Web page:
The bowling area was completely painted and remodeled. The latest scorekeeping equipment was brought from Brunswick and installed. Flatscreens overhead keep score, give hints to novice bowlers, give animated “rewards” for strikes and spares and also show sports and other television programming. Automatic bumper rails are programmed to rise or lower for individual bowlers, and a selection of ramps help the youngest bowlers launch their balls down the lanes. On Fridays and Saturdays, the lanes turn into virtual discos as the crowds come in for Glow Bowling.

Part of the new Capitol Bowl’s attraction has been the renovation of the snack bar into “Cap’s Bar & Grill.” White and Amin are proud of how they’ve taken the basic food that most bowlers expect (pizza, burgers and hotdogs) and expanded the menu to bring a full-service sit-down restaurant to the area. They have their bread baked locally and utilize the rich resources that living in the Yolo agricultural area provides. The weekly Thursday West Sacramento Farmers Market is held just down the street and is a regular source of ingredients for Cap’s extensive menu.

Persia-style Chicken Kabobs are a nod to Ross’s heritage and an example of the creative menu
A 1/3 lb. Cap’s Burger and a pineapple margarita, not your typical bowling alley fare

The emphasis on fresh and healthy is evident in both taste and presentation. Even the tomato sauce for the gourmet pizzas is made fresh from locally grown tomatoes. The menu ranges from Persian-style chicken kabobs to 1/3 pound burgers served on artisan rolls. Beverages ranged from sodas and beer to a fully stocked bar, where one could find pineapple margaritas and imported beers sharing a tray with glasses of chardonnay. To add to the upgrade in atmosphere and service, wait staff members take order from and deliver the food and drinks to bowlers at the lanes, as well as to diners in the restaurant area.

As part of the remodeling, the dining area was completely reimagined. Dining settings featured tables adjacent to the bowling lanes, small and large tables in the Bar & Grill area and private party areas. Perhaps the most attention getting area would be the newly created dining courtyard, complete with waterfall wall and a firepit. The revised dining options, along with the Capitol Bowl’s late hours, have given West Sacramento residents a new gather place in the late evenings. White and Amin say they hope that people would come in and say, “This place is so beautiful, I can’t believe it’s a bowling alley.”

The outdoor courtyard at Cap’s Bar & Grill has been a popular addition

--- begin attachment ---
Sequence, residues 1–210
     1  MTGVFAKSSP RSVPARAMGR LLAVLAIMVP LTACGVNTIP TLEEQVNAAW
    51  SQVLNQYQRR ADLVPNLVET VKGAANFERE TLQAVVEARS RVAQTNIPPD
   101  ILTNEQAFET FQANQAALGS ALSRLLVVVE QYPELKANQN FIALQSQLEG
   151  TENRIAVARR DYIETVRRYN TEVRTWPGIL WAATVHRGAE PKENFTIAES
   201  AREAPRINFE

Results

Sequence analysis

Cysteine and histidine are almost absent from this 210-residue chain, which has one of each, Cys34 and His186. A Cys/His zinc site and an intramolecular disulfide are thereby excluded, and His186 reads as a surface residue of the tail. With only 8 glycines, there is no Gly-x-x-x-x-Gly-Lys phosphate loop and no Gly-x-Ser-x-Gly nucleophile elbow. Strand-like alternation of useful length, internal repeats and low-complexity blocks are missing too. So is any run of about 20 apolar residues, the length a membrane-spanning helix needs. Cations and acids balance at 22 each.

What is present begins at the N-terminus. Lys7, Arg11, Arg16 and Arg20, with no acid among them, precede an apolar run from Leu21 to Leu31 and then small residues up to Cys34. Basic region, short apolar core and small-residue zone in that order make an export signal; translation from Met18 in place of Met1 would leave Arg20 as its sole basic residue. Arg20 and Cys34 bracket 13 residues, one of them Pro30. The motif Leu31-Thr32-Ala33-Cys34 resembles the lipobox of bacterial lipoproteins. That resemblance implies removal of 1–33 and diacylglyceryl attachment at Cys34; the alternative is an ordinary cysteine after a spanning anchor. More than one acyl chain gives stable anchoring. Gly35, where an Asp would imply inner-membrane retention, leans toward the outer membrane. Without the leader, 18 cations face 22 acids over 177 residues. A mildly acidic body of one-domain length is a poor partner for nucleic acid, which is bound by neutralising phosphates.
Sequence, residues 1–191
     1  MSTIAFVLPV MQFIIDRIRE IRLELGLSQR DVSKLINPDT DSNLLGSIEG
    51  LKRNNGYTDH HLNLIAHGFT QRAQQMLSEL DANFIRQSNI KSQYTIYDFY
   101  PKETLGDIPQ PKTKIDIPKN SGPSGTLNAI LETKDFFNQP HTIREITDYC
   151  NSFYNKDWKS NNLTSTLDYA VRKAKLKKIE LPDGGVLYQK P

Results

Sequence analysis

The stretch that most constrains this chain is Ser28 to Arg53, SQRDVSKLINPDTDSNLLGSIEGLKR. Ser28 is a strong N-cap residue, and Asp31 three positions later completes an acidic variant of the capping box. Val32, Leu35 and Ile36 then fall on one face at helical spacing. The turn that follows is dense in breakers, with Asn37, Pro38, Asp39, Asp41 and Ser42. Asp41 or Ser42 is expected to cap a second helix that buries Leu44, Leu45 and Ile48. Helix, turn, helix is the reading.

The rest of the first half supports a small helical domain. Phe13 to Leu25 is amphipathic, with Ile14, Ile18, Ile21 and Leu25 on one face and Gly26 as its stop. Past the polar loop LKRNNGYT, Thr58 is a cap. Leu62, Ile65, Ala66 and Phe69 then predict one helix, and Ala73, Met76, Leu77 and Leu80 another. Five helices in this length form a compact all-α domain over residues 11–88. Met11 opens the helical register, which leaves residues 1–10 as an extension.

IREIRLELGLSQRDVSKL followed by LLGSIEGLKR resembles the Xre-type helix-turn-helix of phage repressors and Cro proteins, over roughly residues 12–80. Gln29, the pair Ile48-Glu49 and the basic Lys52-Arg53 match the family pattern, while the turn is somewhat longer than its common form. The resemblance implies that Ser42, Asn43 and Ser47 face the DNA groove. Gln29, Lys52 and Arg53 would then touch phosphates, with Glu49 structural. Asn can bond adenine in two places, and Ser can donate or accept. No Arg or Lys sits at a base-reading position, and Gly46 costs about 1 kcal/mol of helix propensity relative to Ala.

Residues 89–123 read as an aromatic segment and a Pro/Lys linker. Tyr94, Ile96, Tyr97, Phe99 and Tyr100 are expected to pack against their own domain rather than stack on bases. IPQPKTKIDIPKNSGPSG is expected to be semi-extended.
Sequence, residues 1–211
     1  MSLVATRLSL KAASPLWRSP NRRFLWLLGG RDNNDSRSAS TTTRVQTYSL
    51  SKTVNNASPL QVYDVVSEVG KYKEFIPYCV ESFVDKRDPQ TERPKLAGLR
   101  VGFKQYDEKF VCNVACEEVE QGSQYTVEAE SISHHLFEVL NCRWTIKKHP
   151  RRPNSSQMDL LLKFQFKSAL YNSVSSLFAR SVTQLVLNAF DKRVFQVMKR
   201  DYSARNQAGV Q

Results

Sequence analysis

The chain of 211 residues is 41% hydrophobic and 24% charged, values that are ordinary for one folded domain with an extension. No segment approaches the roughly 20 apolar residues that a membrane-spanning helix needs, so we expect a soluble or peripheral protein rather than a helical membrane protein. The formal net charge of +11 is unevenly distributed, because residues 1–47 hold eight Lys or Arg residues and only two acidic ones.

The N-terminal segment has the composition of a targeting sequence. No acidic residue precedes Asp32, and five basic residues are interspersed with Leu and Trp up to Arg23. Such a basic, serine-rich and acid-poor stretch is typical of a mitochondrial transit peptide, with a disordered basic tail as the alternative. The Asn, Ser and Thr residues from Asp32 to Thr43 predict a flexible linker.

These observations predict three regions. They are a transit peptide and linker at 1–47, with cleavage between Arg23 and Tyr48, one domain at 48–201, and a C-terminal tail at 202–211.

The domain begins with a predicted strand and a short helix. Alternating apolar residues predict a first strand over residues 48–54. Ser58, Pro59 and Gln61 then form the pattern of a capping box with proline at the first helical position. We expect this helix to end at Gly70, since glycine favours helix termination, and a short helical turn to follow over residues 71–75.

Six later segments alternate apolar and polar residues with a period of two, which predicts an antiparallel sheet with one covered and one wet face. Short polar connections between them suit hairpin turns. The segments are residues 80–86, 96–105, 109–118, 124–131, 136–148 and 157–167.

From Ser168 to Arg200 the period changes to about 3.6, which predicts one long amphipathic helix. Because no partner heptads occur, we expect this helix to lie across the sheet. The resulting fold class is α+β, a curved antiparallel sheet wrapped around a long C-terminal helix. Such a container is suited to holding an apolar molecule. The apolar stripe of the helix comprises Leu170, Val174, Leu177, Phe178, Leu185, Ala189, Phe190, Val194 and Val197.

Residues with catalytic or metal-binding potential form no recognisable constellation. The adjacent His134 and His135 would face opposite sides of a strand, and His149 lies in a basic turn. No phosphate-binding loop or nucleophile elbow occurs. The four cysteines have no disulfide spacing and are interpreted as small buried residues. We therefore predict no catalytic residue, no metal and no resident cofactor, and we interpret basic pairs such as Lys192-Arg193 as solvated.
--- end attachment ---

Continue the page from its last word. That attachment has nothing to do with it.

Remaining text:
Mike McGowan, West Sacramento and Yolo County Supervisor enjoyed Friday’s Open House, dedicating the final stage of the planned remodeling. He praised the current owners for helping to reinvigorate West Capitol Avenue. McGowan also applauded their decision to use the available fresh produce grown in the area, as many of the local farmers have been on the ground floor of the “Farm to Fork” movement. He smiled, tasting a freshly made salad, “It’s a wise decision.”

Monda Korich, owner of The Eatery – a recent addition to the West Sacramento dining scene – also praised Capitol Bowl and Cap’s Bar & Grill. Her family enjoys the atmosphere at the Bowl and regularly visits for both the bowling and the food. She remarked how amazing West Sacramento’s expansion has been, and how small business owners have been supportive of each other. Korich noted that she wasn’t alone in finding the new Capitol Bowl to be open, friendly and inviting.

The owners have dedicated a great deal to repaying the community for its support. Fundraisers and partnerships have been established with local West Sacramento schools, the Special Olympics and Habitat for Humanity, among other organizations.

This weekend the Capitol Bowl is hosting two Big Lebowski events. On Saturday, Aug. 24 from 10:00 a.m. to 9:00 p.m., they’ll be hosting Little Lebowski Urban Achievers Day. Bowling is $25 per hour per lane for up to six people or $4.25 per person per game. A percentage of the proceeds from the bowling and from Cap’s Bar & Grill will benefit Habitat for Humanity. Donors will also get a Lebowski gift.

On Sunday, Aug. 25th, from 12:00 p.m. to 5:00 p.m., Capitol Bowl will celebrate with it’s 4th Annual Big Lebowski Party. This fun-filled event has been brought back after the construction forced it off the calendar for two years. It’s a “grown-up” party with food, beverage, bowling and a Lebowski-themed costume contest. $65 gets you two hours on a lane for up to six fun-loving people. Amin and White expect this to be a packed event, so reservations by Aug. 24th are a must.

Capitol Bowl
Construction photos
West Sacramento Farmers Market
The Big Lebowski Weekend

Editor’s note: The “News Digest” goes out every Tuesday morning and highlights our best stories, photos and videos from the week prior. Sign me up.